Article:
Of tourists and geese
In an effort to protect tourism and the convention center -- referred to by board President David Chiu as “the goose that lays the golden egg” -- Supervisor Bevan Dufty motioned to restore $800,000 to the convention facilities. Dufty said poorer facilities would mean fewer conventions and more empty hotel rooms.
“It has a major ripple effect,” he said. “It’s fundamentally important to our economy.”
After hours of tense debate and the passage of numerous amendments, the budget passed, with only Elsbernd and Carmen Chu dissenting.
Avalos, chair of the Budget and Finance Committee, captured the sentiment of the afternoon when he summed up the months of work spent refining the budget: “It’s not ideal, it’s not perfect, but I think it’s the best that we can do.”
Reform agenda flops
The board voted down, 7-4, a proposal by Daly to reform the way budgets are implemented after they pass. His amendment would have allowed the board to force Mayor Gavin Newsom to spend so-called “add-back” money that comes from the board, and prevent unchecked mid-year budget cuts. The amendment offended Newsom, who called it the worst piece of legislation he had ever seen.
In response, the board finally passed another measure, by Avalos, that requires the mayor to return to the board with a formal plan to strip funds from any agency. But Daly said the measure was toothless.
Typically the administration releases its budget on June 1, proposing cuts. This year, the proposed budget was heavily criticized for deeply cutting social services.
Over the next month, the board creates a restoration or “add-back” list of organizations they want to save. The supervisors were able to wrestle $43 million in add-backs to social services this year.
In the past, the mayor has at times chosen to simply not spend money on these organizations, or to cut them in unchecked mid-year cuts. The board has no way of preventing the mayor from doing either.
Allies fail to force mayor
The self-identified progressive majority of the board has divided on how to address budgetary reform and this perceived imbalance of power. “They are splintering, not just on a question reforms, but on a question of strategy,” Mirkarimi said.
Before the vote, Daly called his proposal “measured.”
“I believe it works well with the existing restrictions of the charter,” he said, addressing his colleagues. “It is crafted to allow a majority of the board to have power. If you don’t like this, please propose something that you think is better.”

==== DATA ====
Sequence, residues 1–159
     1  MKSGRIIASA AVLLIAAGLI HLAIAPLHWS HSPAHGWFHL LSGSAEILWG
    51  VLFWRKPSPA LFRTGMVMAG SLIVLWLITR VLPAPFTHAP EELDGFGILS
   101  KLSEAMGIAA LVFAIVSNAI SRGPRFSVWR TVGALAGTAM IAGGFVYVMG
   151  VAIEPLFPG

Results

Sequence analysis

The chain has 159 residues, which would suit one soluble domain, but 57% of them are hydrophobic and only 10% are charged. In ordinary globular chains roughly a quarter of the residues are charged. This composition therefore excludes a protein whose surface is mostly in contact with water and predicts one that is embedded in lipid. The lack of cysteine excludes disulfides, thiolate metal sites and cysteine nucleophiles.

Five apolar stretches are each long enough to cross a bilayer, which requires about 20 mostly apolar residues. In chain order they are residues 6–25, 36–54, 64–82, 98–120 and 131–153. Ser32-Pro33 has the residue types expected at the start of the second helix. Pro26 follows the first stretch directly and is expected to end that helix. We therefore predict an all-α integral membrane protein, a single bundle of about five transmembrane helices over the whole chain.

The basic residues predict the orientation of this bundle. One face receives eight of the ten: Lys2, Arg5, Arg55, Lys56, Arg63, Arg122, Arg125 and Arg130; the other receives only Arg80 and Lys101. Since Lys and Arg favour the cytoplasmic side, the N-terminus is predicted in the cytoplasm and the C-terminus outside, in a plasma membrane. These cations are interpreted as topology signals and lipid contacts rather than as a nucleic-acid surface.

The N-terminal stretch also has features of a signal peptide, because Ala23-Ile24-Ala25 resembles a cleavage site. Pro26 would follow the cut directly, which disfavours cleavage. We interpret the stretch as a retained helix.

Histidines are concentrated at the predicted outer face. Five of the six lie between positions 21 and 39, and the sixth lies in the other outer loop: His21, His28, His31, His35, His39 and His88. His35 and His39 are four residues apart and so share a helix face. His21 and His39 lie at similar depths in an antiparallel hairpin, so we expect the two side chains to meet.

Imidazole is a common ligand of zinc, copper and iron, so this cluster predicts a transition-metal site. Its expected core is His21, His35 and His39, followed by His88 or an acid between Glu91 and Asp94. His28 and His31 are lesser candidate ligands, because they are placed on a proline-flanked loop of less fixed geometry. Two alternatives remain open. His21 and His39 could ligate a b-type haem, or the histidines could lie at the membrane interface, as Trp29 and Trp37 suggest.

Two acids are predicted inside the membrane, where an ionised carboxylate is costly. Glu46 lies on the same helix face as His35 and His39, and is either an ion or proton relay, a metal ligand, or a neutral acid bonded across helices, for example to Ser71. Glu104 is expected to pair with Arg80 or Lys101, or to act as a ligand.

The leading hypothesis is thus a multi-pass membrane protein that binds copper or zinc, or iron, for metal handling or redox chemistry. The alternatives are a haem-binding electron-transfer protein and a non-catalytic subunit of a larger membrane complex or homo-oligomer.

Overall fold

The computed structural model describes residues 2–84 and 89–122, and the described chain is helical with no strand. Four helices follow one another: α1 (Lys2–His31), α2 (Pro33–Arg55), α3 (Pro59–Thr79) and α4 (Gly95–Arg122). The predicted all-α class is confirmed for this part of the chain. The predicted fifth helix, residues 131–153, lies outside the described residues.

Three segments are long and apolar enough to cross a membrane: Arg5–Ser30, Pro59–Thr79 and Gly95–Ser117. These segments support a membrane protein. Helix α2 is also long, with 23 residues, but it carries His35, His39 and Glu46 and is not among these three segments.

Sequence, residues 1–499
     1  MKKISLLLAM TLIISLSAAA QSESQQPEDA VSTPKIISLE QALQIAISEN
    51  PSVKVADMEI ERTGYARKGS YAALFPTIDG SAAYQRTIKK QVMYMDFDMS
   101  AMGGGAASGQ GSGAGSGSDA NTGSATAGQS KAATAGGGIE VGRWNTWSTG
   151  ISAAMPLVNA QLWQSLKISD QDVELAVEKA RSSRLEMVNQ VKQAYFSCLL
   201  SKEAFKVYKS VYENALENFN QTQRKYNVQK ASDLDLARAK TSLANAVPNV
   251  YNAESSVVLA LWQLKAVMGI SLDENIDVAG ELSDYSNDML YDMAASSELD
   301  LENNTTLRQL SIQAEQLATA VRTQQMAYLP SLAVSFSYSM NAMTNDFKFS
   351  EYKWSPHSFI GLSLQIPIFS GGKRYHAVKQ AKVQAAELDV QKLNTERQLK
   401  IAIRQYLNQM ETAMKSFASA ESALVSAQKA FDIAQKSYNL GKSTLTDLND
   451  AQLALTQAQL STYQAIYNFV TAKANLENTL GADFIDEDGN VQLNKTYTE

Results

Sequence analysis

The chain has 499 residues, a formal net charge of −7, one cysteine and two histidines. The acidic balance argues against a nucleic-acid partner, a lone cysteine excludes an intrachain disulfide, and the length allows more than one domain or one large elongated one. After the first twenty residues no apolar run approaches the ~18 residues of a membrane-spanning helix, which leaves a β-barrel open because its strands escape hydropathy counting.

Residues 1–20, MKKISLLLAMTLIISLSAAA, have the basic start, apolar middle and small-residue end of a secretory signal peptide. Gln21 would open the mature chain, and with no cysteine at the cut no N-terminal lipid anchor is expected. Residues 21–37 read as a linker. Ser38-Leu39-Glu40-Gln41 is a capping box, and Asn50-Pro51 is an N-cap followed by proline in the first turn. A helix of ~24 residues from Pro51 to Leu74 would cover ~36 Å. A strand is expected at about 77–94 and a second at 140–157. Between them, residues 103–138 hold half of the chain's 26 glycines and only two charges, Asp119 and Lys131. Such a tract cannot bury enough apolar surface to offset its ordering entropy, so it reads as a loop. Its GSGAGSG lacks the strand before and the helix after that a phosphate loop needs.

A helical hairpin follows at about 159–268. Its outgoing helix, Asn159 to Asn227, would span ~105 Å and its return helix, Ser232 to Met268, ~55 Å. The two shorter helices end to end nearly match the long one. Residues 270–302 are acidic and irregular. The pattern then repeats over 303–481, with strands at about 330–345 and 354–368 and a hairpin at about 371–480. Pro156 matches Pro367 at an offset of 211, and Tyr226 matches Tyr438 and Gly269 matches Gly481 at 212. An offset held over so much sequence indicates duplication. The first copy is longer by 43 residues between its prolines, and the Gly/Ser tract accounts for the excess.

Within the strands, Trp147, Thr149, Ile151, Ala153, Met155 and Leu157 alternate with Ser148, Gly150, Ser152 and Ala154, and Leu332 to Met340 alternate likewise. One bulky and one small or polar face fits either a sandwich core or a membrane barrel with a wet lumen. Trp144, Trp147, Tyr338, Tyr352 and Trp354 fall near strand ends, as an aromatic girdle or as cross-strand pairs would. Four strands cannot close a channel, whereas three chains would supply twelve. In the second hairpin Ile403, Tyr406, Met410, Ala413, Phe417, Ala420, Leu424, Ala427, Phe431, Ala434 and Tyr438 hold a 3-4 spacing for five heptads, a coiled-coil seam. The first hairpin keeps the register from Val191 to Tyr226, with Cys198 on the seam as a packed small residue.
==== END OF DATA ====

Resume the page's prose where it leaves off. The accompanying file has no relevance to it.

The most notable “no” vote was Avalos, a former Daly staffer. Daly, who paced around the room and exchanged words with Avalos, was visibly angered by the vote.
“They blindsided me,” Daly said.
Although Avalos' earlier amendment, regarding how the city addresses potential losses of state and local revenues, passed, it requires the good faith of the mayor. Last year’s unilateral midyear cuts by the mayor left some supervisors skeptical about overcoming political differences.
“Goodwill must be reciprocated” and previous failures demonstrated a lack of follow-through, Mirkarimi said.
Daly then asked to be removed as chair of the Rules Committee and vice chair of the City Operations and Neighborhood Services Committee. In a letter he passed around the chamber, Daly wrote, “I feel that my efforts to serve the people of San Francisco and progressive politics are better suited in my other official capacities.”
About the Author
Kevin Stark is a journalist living in Chicago. He has worked for the Public Press since April 2009. He has covered local politics, labor, health care and the environment. He is a recipient of the Comer Scholarship for environmental journalism and is pursuing a masters degree at Medill School of Journalism at Northwestern University.
Patricia Decker earned her master’s in structural engineering at the University of California, Berkeley. Until recently, she worked as an engineer with the architectural firm Skidmore, Owings, and Merrill, but made the leap to journalism, covering city politics, in May.
Part of the community-funded City Budget Watchdog series